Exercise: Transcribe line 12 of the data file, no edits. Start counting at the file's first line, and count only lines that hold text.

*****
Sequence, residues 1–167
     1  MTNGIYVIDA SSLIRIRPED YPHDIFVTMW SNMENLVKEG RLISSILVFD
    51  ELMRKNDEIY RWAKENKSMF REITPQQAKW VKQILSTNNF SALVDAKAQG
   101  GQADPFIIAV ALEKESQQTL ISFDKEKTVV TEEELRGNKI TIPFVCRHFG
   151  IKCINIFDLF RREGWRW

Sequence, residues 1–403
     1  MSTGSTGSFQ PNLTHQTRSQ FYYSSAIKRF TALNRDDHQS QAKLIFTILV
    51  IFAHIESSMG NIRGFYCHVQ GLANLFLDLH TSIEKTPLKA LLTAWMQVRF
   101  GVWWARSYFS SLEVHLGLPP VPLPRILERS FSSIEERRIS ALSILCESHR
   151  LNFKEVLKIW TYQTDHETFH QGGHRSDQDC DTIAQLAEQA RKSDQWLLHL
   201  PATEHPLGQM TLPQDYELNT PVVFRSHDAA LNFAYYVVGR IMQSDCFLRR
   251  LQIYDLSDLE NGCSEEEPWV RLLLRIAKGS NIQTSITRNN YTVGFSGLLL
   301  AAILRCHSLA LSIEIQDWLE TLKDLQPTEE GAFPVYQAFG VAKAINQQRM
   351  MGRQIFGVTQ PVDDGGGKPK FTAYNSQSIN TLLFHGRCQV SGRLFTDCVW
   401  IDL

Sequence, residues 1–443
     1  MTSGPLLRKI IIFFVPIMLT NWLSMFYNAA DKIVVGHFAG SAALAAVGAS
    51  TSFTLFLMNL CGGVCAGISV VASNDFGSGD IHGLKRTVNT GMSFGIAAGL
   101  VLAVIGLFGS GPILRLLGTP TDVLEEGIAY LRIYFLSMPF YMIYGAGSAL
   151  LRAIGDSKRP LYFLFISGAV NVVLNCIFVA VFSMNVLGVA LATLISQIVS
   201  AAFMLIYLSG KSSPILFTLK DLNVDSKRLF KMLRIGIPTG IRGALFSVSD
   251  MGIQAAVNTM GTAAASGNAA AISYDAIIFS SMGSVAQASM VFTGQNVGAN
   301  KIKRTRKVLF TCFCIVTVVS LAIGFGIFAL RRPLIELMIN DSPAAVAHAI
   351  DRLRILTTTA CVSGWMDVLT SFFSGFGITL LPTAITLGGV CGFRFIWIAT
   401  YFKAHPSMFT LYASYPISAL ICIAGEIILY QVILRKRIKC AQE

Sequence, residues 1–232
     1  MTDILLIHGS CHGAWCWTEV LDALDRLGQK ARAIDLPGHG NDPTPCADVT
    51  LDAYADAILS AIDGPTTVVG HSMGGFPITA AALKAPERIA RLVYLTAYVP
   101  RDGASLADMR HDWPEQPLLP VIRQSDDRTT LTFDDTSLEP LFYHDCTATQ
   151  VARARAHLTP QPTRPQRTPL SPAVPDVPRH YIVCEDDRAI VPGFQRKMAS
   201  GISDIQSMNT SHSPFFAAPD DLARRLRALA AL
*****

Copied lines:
   251  LQIYDLSDLE NGCSEEEPWV RLLLRIAKGS NIQTSITRNN YTVGFSGLLL